AppSec USA 2016 has ended

Sign up or log in to bookmark your favorites and sync them to your phone or calendar.

Activity [clear filter]
Thursday, October 13


OWASP Bug Bounty for projects
In June 2016, we started the OWASP Bug Bounty for projects initiative, where security researchers can actually submit their findings on the participant OWASP projects through the BugCrowd platform. 

Many developers and companies looking to implement security are turning towards OWASP to use Defender libraries that they can implement to secure their critical applications. Since this implies a form of trust in OWASP, many users of these projects might forget or not be aware that many of them are Open Source and lack an expected security assurance review, which at the moment is not done by OWASP.

Testing web applications for security can be a challenging task. But testing that security control libraries are robust in the face of attack is an even more difficult challenge for even the most sophistical assessment professionals. 

BugCrowd provides their platform and services to allow OWASP projects conduct specific Bug Bounty programs for Defender category projects but also, any other Code Project that needs to be installed and could create vulnerabilities in the installed computer.

The following projects are part of OWASP Bug Bounty:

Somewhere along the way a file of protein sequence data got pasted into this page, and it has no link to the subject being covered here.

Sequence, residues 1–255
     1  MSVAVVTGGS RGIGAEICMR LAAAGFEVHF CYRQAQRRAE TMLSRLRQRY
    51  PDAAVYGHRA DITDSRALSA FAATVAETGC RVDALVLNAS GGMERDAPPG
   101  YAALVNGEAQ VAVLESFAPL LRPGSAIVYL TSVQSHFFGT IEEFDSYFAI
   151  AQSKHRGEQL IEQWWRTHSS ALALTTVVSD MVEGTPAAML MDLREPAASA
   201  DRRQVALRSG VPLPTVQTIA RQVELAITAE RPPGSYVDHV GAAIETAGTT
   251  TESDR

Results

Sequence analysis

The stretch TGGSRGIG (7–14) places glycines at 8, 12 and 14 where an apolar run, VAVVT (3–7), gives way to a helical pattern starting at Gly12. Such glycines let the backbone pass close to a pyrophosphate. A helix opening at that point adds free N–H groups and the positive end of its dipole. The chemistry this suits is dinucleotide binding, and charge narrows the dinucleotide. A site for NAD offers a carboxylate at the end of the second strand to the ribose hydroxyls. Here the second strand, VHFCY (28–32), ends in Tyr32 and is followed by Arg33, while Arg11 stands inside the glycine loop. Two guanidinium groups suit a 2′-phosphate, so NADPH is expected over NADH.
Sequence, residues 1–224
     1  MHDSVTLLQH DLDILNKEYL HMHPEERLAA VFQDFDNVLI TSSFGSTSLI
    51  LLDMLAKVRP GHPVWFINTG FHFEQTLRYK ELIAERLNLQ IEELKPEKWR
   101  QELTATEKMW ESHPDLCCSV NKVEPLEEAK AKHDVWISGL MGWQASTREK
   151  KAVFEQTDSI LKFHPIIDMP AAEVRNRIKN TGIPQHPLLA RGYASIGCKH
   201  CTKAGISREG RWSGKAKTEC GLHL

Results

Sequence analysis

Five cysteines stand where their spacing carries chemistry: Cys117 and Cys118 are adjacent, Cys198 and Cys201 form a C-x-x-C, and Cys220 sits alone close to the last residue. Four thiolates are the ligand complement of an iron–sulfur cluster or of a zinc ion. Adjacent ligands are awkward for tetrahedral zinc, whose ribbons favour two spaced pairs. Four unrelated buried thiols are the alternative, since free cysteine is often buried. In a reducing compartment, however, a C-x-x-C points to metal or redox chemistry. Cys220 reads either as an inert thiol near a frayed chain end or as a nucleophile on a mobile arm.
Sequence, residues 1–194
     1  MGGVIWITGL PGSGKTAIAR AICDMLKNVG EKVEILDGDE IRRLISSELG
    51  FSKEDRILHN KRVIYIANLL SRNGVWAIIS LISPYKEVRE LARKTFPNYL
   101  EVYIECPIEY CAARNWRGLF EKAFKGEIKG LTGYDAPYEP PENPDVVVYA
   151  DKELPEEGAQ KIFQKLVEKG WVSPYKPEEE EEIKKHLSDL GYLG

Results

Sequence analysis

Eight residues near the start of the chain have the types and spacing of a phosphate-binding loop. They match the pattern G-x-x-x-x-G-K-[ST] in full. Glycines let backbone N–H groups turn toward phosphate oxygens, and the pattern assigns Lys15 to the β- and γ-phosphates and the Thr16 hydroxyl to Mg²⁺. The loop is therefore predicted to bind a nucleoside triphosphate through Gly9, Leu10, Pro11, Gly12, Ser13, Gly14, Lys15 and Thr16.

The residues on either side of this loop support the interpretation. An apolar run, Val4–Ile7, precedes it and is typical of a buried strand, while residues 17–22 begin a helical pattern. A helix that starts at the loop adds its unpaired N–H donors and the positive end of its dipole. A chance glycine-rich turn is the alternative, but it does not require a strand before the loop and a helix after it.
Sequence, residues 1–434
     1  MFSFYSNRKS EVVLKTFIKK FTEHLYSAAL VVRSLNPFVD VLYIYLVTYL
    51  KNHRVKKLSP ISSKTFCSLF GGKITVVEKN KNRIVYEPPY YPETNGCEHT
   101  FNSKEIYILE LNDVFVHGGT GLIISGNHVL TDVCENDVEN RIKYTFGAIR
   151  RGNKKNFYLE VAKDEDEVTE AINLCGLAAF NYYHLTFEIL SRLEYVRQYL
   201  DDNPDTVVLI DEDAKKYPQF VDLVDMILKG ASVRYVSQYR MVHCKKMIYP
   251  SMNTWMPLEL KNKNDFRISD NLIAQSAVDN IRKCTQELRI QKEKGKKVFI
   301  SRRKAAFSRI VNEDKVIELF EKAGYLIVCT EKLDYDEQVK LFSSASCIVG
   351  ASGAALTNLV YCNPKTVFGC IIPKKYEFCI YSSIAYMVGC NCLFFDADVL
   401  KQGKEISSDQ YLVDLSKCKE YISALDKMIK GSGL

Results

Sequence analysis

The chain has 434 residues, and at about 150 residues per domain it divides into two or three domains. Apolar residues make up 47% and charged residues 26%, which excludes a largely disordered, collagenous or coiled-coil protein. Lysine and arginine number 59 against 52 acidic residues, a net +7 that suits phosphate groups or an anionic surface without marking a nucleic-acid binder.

We want to promote and spread the word regarding our Bug Bounty program. The activity we want to plan during the APPSEC US 2016, involves an OWASP Bug Bash similar to the one organised in APPSEC  2013 but only with OWASP projects part of the Bounty program, where we provide a deployed server with the applications.

Thursday October 13, 2016 9:30am - 11:30am
Meeting Room 2


Securing the Electronic Frontier

From light bulbs to drones, sophisticated technology is integrated into nearly every aspect of our lives. Today, nearly everyone is technologically curious if not active in a maker or hackerspace. The world is, essentially, a security researcher’s dream.  The ease with which devices can now be altered also makes some companies uncomfortable or eager to profit off of user generated content.  Mediating these competing needs is the law, written largely for generations-old technology by political bodies not conversant in the nuances of bleeding edge tech.

Enter DRM, which can be used to prevent your devices from completing legal tasks or punish researchers who seek to secure them. OWASP is proud to offer you a chance to speak with the EFF’s Cory Doctorow about their current lawsuit and the intersection of security research and DRM. The second half of the one hour session will be opened up to a Q&A by the audience.  

avatar for Cory Doctorow

Cory Doctorow

Writer, Boing Boing
Cory Doctorow (craphound.com) is a science fiction novelist, blogger and technology activist. He is the co-editor of the popular weblog Boing Boing (boingboing.net), and a contributor to many magazines, websites and newspapers. He is a special consultant to the Electronic Frontier... Read More →

Thursday October 13, 2016 3:00pm - 4:00pm
Meeting Room 2